It shouldn't be amazing to me how you've pretty much ignored every post I've done on this site. Do a count on the infinity (the infinitesimal space / infinite mass) of the Big Crunch / (the infinite space / infinitesimal mass of the) Big Hole. Count it up David! Come up with a count of more than my binary's '1'. Count the number of infinitesimal points that are, in fact, an infinity of finite universes (u) (0 (0-point)). Go ahead David, find some beginning point and start counting the infinitesimal points that will make up the head of a 0-point needle (leading edge) point. Don't forget you will have to bypass all the multi-dimensionality of a multiverse. Count the infinite depth of a infinitely flat Universe. Fold it infinitely and count the number of vertical planes you come up with. Don't forget to account for "elasticity."

Switching dimensionality, count the number of horizons (h) in the Horizon (H) of the Universe (U), that is the Horizon of the Universe, the Universal Horizon. Count them David since you are so anxious to do some counting.

Before you start on counting the horizons of the Horizon, try practicing on the horizons of Earth's horizon. Count the total number of horizons in Earth's horizon. Do your best to get beyond a provable '1'.

Finite is relative and local, infinite / infinitesimal / infinity is not. My favorite book on Chaos Theory speaks of layering to the Universe as do other books and articles now. What divides hyper-finite layers, hyper-finite planes, from merely finite? Layers of infinitely thin flat and smooth horizons. I can do the description with elasticity's 4-dimensional expansive / contractive bubbling (ballooning). Most, now, appear to prefer to describe a wormhole or tunneling, effect. Just different dimensionalities from different branches of physics.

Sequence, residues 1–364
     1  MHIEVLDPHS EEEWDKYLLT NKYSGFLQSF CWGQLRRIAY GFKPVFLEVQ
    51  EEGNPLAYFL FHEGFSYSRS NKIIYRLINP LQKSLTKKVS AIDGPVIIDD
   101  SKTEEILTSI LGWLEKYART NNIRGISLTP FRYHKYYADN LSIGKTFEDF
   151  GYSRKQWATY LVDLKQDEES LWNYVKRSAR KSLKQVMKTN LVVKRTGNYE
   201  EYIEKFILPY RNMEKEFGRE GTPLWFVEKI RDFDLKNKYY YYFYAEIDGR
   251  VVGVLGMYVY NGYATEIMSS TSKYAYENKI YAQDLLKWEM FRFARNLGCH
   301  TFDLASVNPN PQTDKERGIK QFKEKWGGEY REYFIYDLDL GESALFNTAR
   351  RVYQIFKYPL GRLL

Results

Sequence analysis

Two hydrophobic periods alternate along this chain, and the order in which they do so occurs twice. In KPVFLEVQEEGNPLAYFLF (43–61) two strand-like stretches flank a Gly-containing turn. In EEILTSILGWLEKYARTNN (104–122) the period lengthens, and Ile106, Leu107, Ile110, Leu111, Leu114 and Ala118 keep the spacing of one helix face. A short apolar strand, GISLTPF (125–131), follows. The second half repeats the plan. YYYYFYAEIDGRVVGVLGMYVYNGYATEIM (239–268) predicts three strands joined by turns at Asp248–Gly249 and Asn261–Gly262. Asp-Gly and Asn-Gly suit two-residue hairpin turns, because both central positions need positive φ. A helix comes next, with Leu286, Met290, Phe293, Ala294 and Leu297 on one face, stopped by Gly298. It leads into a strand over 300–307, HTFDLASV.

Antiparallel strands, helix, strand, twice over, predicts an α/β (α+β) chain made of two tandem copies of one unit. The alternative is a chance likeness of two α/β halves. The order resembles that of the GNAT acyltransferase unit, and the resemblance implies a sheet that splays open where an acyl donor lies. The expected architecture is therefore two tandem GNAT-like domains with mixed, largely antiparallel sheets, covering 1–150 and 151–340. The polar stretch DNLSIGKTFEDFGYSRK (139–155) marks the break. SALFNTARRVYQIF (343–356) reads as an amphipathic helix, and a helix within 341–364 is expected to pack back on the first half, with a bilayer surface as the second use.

Maybe if you put some thought to an ever continuing existence of Big Crunch (/ Big Hole (Space) (Vacuum)) Universe (U) (1), you might begin to see the most irresistible force (the Vortex (1) of [countless] vortices (0)) of that most immovable object. Move from equivalent physics to equivalent physics, equivalent dimensionality to equivalent dimensionality. Even from equivalent analogy to equivalent analogy. Give yourself some arguable corroboration. It is via the infinity of finite universes that all possible paths are taken (including all possible decision points being decided differentially), all possible potentials are fulfilled, and so on. It is only via the infinity of finites that that which is impossible, as to any single space and time, is made possible. I see it, the infinite Universe (U) (1), as being far too relativistic to really exist (outside a [photo-universe] that is), unless there is exchange within the infinity, unless there is casual movement between universes, unless the pathing is open, unless the potentials are capable of pursuing.... Unless there is animation (life) to the damn thing.
 
Last edited:
It shouldn't be amazing to me how you've pretty much ignored every post I've done on this site. Do a count on the infinity (the infinitesimal space / infinite mass) of the Big Crunch / (the infinite space / infinitesimal mass of the) Big Hole. Count it up David! Come up with a count of more than my binary's '1'. Count the number of infinitesimal points that are, in fact, an infinity of finite universes (u) (0 (0-point)). Go ahead David, find some beginning point and start counting the infinitesimal points that will make up the head of a 0-point needle (leading edge) point. Don't forget you will have to bypass all the multi-dimensionality of a multiverse. Count the infinite depth of a infinitely flat Universe. Fold it infinitely and count the number of vertical planes you come up with. Don't forget to account for "elasticity."